University of Oulu

Lumme, J., Savukoski, S., Suvanto, E., Pesonen, P., Auvinen, J., Sebert, S., Hyppönen, E., Järvelin, M., Puukka, K., Herzig, K., Oura, P., Ojaniemi, M., Niinimäki, M. (2021) Early-onset climacterium is not associated with impaired vitamin D status: a population-based study. Menopause, 28 (8), 899-908. doi:10.1097/GME.0000000000001781

Early-onset climacterium is not associated with impaired vitamin D status : a population-based study

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Author: Lumme, Johanna E.1,2,3; Savukoski, Susanna M.1,2,3; Suvanto, Eila TJ.1,2,3;
Organizations: 1PEDEGO Research Unit, University of Oulu, Oulu, Finland
2Department of Obstetrics and Gynecology, Oulu University Hospital, Oulu, Finland
3Medical Research Centre Oulu, Oulu University Hospital and University of Oulu, Oulu, Finland
4Infrastructure for Population Studies, Faculty of Medicine, University of Oulu, Oulu, Finland
5Centre for Life Course Health Research, University of Oulu, Oulu, Finland
6Oulunkaari Health Center, Ii, Finland
7Department of Epidemiology and Biostatistics, MRC Centre for Environment and Health, School of Public Health, Imperial College, London, UK
8Australian Centre for Precision Health, University of South Australia, Cancer Research Institute, Adelaide, Australia
9Unit of Clinical and Health Sciences, University of South Australia, Adelaide, Australia
10South Australian Health and Medical Research Institute, Adelaide, Australia
11Biocenter Oulu, University of Oulu, Oulu, Finland
12Department of Life Sciences, College of Health and Life Sciences, Brunel University London Kingston Lane, Uxbridge, Middlesex, UK
13NordLab Oulu, Oulu University Hospital, Oulu, Finland
14Department of Clinical Chemistry, University of Oulu, Oulu, Finland
15Institute of Biomedicine, University of Oulu, Oulu, Finland
16Department of Gastroenterology and Metabolism, Poznan University of Medical Sciences, Poznan, Poland
17Department of Pediatrics and Adolescence, Oulu University Hospital, Oulu, Finland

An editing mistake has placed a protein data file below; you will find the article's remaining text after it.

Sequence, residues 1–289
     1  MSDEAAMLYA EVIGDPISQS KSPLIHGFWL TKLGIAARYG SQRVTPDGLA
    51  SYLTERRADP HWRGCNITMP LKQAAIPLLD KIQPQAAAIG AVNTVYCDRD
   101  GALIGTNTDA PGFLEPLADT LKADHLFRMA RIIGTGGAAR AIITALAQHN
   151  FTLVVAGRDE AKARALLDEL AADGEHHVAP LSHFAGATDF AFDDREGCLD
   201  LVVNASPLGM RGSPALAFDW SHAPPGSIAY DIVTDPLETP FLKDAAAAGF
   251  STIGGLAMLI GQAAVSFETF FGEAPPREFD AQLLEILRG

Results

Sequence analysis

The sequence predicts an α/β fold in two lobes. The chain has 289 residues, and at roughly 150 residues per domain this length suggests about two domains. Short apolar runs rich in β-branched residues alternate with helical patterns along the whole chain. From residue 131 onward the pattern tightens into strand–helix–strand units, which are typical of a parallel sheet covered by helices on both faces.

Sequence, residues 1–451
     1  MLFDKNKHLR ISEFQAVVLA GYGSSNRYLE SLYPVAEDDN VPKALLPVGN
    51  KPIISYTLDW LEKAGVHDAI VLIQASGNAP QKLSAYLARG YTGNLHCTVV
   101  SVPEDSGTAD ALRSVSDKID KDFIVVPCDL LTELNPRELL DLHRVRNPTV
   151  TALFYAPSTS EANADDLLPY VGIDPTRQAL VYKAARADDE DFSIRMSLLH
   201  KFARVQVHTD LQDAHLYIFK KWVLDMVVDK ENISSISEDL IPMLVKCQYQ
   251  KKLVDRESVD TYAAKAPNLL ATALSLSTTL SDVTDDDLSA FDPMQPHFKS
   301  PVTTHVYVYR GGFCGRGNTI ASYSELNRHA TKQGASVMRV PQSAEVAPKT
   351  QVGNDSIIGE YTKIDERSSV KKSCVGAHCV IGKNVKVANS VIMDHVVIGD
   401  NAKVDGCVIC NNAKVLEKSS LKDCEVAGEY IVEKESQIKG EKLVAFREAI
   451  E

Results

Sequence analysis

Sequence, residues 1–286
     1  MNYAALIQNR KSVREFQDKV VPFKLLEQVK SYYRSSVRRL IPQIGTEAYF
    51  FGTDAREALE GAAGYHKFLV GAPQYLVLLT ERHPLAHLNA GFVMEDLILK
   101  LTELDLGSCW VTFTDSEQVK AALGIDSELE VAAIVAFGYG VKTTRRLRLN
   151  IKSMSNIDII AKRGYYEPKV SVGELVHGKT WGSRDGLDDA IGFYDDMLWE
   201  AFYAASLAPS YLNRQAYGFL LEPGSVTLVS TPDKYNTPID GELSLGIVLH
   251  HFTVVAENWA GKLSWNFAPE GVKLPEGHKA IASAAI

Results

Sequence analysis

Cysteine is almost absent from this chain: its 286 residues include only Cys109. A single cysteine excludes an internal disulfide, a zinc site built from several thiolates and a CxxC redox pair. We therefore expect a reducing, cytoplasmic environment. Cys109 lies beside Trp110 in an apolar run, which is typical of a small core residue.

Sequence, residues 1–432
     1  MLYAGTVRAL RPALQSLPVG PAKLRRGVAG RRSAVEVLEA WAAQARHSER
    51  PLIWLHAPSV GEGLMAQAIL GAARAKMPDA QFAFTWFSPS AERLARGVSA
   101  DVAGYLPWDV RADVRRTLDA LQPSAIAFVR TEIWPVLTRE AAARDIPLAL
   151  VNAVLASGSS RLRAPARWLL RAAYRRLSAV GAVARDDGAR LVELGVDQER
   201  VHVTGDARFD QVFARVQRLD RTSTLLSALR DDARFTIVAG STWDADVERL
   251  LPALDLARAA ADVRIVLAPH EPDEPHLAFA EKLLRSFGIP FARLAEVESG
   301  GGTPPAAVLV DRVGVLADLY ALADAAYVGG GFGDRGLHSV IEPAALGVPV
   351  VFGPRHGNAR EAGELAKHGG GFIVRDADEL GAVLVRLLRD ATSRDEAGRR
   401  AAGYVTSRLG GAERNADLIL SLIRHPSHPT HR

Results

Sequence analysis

Format: article
Version: accepted version
Access: embargoed
Persistent link: http://urn.fi/urn:nbn:fi-fe2021111755742
Language: English
Published: Wolters Kluwer, 2021
Publish Date: 2022-08-31
Description:

Abstract

Objective: To investigate vitamin D status in women with the onset of the climacteric phase by age 46 as both early menopause and inadequate vitamin D status may increase the risk of adverse health outcomes.

Methods: A cross-sectional study included 2,544, 46-year-old women from a birth cohort. Women were divided into the following two groups according to their menstrual history and follicle-stimulating hormone (FSH) concentration: 1) climacteric (FSH ≥25 IU/L and amenorrhea ≥4 mo,n = 351) and 2) preclimacteric women (FSH <25 IU/L and having regular/irregular menstrual cycles, n = 2,193). Serum 25-hydroxyvitamin D (25(OH)D) concentrations were compared between the groups. A linear regression model was performed to investigate which factors are associated with 25(OH)D status.

Results: Mean serum 25(OH)D concentrations were higher in climacteric compared with preclimacteric women (68.1 ± 19.8 nmol/L vs 65.2 ± 19.3 nmol/L, P = 0.01). However, in the linear regression model, climacteric status was not associated with 25(OH)D status (multivariable adjusted mean difference 4.5 nmol/L, 95% confidence interval −1.4 to 10.4, P = 0.137). A total of 76 of the climacteric women were using systemic estrogen hormone therapy (HT). In a subanalysis, including only climacteric women, the use of HT was associated with higher 25(OH)D status (multivariable adjusted mean difference 5.9 nmol/L, 95% confidence interval 1.3–10.5, P = 0.013).

Conclusions: The onset of the climacteric phase by age 46 was not associated with inadequate 25(OH)D concentrations, whereas HT use was associated with higher 25(OH)D status in women with early-onset climacterium.

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Series: Menopause
ISSN: 1072-3714
ISSN-E: 1530-0374
ISSN-L: 1072-3714
Volume: 28
Issue: 8
Pages: 899 - 908
DOI: 10.1097/GME.0000000000001781
OADOI: https://oadoi.org/10.1097/GME.0000000000001781
Type of Publication: A1 Journal article – refereed
Field of Science: 3123 Gynaecology and paediatrics
Subjects:
Funding: This work was supported by the Northern Ostrobothnia Hospital District, the Oulu University Hospital, the University of Oulu, the Päivikki and Sakari Sohlberg foundation, the Health and Biosciences Doctoral Program HBS-DP (UniOGS, University of Oulu), the Finnish Menopause Society, the Juho Vainio Foundation, and the Finnish Medical Foundation. E.S., P.P., J.A., S.S., M.-R.J., K.P., K.-H.H., P.O., and M.O. received no financial support for the research, authorship, and/or publication of this article. E.H. received funding from the Medical Research Council, UK. J.L. received a grant from the Päivikki and Sakari Sohlberg foundation and from the Health and Biosciences Doctoral Program HBS-DP (UniOGS, University of Oulu). S.M.S. received a research grant from the Finnish Menopause Society, the Juho Vainio Foundation, and the Finnish Medical Foundation. M.N. received a research grant from the University of Oulu.
Copyright information: © 2021 The North American Menopause Society. The final authenticated version is available online at https://doi.org/10.1097/GME.0000000000001781.